Here are also to be found goodly specimens of Camellias, Gardenias, Rhododendrons, Weigelas, both plain and variegated leaved; Jacaranda mimosifolia, Hippeastrums, Magnolia fuscata, White everlasting Peas, Mahonia Leschenaultii, Chimonanthus fragrans, Liriodendron tulipifera, or, tulip tree; Ligustrums, the pretty Acmena pendula, Camphors, Guilder rose, Liliums, and even the Eucharis amazonica, planted in the open ground, and to all appearances thriving well, apropo of this plant, Mr Saunderson stated that he had flowered it some eight or nine years since at Sir William Macarthur's at Camden. As a matter of course the dwelling house is surrounded by a commodious lawn on which are planted here and there goodly specimens of Conifers, among which we perceived a fine specimen of Oxycedrus Pliaenicia. There is also a place in the centre of the lawn for a fine statue of Flora. The grounds from the spot to the river are laid out in the landscape style; the shrubberies that intercept the view are judiciously planted with mandarin oranges, which in our opinion, ought to be more used than it is in making shrubberies, for, independently of its fruit, its foliage is exceedingly beautiful. We also noticed good specimens of Bunya Bunya, Cypresses, and Paulonia imperialis, the leaves of which measured some twenty inches across; taking into consideration the many specimens we saw of this plant, we confidently recommend it for general planting. In pursuing our way, our attention was arrested by a fine planted Cypresses Lawsoniana, which we were informed was the oldest plant of the kind in the colony. On the western side an extensive croquet ground was in the course of formation, the dimensions of which are 140 feet in length, which will no doubt be the largest one in the colony. We were also shown a fine ornamental shrub which Mr. Saunderson believes to be the Negundo Americana.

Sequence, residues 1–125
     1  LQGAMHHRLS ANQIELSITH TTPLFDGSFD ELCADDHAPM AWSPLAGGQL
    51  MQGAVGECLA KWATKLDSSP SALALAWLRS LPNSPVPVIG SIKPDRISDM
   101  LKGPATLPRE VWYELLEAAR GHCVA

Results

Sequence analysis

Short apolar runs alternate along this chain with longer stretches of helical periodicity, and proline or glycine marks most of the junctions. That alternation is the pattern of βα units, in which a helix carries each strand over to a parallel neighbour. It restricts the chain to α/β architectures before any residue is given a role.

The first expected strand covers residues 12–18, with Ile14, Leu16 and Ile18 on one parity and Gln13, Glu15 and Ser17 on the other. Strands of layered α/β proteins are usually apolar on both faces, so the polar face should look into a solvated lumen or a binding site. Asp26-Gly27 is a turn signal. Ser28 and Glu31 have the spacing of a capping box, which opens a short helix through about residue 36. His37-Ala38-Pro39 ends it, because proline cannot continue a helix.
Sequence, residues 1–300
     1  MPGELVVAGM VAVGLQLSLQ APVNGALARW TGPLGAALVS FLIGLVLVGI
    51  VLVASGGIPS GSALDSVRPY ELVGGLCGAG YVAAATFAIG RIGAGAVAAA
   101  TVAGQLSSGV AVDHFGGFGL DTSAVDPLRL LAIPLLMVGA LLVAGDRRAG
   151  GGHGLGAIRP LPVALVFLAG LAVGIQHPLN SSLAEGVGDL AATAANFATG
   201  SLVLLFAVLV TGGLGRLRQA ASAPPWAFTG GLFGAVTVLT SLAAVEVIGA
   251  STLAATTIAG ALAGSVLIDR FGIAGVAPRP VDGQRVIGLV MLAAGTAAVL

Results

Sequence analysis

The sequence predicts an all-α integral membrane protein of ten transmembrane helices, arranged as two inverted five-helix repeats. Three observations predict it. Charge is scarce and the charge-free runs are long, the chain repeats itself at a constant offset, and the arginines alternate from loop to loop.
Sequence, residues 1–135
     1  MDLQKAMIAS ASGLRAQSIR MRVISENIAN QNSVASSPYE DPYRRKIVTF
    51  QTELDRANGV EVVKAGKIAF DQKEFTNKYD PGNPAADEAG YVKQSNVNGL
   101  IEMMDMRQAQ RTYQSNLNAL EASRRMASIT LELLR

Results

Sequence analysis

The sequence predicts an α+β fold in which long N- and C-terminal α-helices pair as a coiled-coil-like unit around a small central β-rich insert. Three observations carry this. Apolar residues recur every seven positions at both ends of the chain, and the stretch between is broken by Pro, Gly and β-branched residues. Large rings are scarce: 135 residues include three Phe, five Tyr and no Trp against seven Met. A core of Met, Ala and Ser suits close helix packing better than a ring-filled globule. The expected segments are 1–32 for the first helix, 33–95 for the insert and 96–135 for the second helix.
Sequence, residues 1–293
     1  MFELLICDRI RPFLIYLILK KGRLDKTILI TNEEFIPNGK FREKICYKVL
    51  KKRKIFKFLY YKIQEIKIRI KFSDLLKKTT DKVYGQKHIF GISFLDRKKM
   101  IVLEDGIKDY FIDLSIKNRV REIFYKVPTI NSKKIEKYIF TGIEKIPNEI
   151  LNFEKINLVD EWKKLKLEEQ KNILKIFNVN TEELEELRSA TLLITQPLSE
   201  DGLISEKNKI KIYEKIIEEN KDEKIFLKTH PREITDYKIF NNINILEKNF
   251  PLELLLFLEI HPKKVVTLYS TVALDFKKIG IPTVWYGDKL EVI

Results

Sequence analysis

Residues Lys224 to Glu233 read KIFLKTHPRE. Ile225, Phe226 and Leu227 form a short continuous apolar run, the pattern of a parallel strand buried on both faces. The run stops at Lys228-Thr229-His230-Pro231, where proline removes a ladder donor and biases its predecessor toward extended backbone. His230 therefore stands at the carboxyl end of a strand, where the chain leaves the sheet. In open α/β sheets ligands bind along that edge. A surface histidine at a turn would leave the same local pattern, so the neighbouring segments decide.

As we have before stated, we have hardly done justice to this place, and we again hope to again visit it when it shall have been completed, and then we shall unhesitatingly confirm it is one of the most attractive spots in the colony.
We remember being present at one of the commemoration festivals at our Sydney University when the Chancellor, during his speech, mentioned the substance of a conversation which took place between him and an influential resident of Sydney. He was asked why he had laid out such an imposing structure, for a more modest one would answer for generations to come! The Chancellor's answer was, that it was far more creditable to commence a noble structure which succeeding generations could finish, than it was to build and unsightly place for future generations to pull down. And such we suppose is Mr Wright's idea, and hence his reason for planning the estate on a scale of magnificence. We can only add, in conclusion, that what is done appears to be well done, in proof of which we can only state, that the shrubs, trees and vine &c, &c., would lead one to infer that we have had fine seasonable weather instead of a long protracted drought.
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|Publication:||M A R G I N: life & letters in early Australia|
|Date:||Jul 1, 2006|
|Previous Article:||The La Trobe Journal No. 70 2002.|